Thursday, September 3, 2015

Last of the Pierce-Arrows

Pierce-Arrow (1901-1938) of Buffalo, New York was a maker of luxury automobiles that failed to survive the Great Depression of the 1930s.  A brief history of the firm is here.

From 1928 into 1933 Pierce was owned by Studebaker, which did survive the Depression, but with difficulty.  Pierce-Arrow developed its final restyling towards the end of the Studebaker relationship with new lines introduced for the 1934 model year.

Pierce-Arrow was doomed no matter how good the redesign might have been.  This was  because sales probably could not have recovered to the point that a late-1930s restyling could have been afforded.  Unfortunately, the 1934 design had at least one flaw that limited its success, as we shall see below.


This advertising art shows a 1932 Pierce-Arrow sedan.  Headlights perched atop the fenders was a Pierce-Arrow visual trademark dating back to 1913, though buyers had the option of conventional headlights.  I never liked Pierce's headlight assembly because it looked awkward, as if the lamp was stuck on the end of a horn; their cars with ordinary headlamps looked nicer.  Also note the flat, one-piece windshield that was virtually universal that model year and how the A-pillar blends with the cowling and hood.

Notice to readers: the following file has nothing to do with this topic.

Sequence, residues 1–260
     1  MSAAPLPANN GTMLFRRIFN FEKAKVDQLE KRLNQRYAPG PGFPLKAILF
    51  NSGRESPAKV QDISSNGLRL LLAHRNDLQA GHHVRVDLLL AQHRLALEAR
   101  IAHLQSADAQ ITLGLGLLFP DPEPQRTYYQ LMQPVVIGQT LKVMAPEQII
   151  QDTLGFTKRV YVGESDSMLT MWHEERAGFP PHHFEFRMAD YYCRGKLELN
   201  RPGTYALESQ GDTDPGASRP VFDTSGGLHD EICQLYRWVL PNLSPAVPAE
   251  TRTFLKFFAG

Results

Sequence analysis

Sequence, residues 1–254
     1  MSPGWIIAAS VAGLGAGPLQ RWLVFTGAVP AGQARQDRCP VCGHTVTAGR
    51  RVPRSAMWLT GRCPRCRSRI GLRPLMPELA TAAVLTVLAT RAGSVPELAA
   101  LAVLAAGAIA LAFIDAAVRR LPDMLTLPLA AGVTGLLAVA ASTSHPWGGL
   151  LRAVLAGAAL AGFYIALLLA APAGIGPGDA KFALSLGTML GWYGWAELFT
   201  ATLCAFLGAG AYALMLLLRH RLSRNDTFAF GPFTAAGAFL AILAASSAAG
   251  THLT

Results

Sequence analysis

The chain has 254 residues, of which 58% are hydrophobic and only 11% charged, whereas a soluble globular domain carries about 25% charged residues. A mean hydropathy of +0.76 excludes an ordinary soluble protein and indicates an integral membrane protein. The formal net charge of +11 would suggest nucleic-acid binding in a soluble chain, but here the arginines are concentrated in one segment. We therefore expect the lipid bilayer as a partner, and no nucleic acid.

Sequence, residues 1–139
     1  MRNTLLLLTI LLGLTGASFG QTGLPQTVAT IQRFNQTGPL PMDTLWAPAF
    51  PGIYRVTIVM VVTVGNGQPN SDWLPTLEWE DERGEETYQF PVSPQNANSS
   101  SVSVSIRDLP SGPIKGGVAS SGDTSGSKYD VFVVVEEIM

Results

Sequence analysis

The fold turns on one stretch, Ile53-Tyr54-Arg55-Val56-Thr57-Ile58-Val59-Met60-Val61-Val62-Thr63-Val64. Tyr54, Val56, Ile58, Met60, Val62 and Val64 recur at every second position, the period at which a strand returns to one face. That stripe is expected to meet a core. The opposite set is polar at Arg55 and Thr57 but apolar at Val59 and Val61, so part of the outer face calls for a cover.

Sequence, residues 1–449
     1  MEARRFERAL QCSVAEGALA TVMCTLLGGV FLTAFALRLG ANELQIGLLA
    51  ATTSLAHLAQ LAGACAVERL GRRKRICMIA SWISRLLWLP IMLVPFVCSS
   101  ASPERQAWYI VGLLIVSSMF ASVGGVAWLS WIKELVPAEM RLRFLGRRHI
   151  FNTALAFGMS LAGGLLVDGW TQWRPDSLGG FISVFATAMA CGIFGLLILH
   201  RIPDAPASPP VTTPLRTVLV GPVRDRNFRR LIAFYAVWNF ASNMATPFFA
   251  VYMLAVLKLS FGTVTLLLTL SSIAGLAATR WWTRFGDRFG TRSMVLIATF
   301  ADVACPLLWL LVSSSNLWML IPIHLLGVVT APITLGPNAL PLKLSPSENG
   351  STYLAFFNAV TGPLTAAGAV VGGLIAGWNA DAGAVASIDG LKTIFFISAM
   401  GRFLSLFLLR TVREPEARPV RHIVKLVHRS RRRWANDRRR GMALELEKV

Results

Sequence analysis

Shown here are sporty restyled 1934 Pierce-Arrows.  The upper photo is from Auctions America, the lower from RM Auctions.  Pierce also made large, bulky six-window sedans.  The redesigned fender top headlights no longer have the previous "trumpet" look, which was good.  The main feature that was out of step with the times is the high roofline curving upwards from the top of the windshield -- clumsy.  Retained is the A-pillar treatment noted above; for '34 it helps emphasize the unfortunate windshield treatment.

Pierce-Arrow's last grasp for survival was its 1936 model year facelift of the 1934 design.  The shape of the grille opening was slightly changed, but the main effort and expense was new fenders.

This Auctions America photo of what looks to be an unrestored 1936 Deluxe 8 Sedan reveals the same windshield-top combination from 1934.  The problem for Pierce was that competing cars were coming out with two-piece V'd windshields, making the already awkward design seen here seem old-fashioned.

Finally, a sporty V-12 Club Sedan from Mecum Auctions.  A taller V'd windshield here would have yielded a car with nearly-competitive styling.

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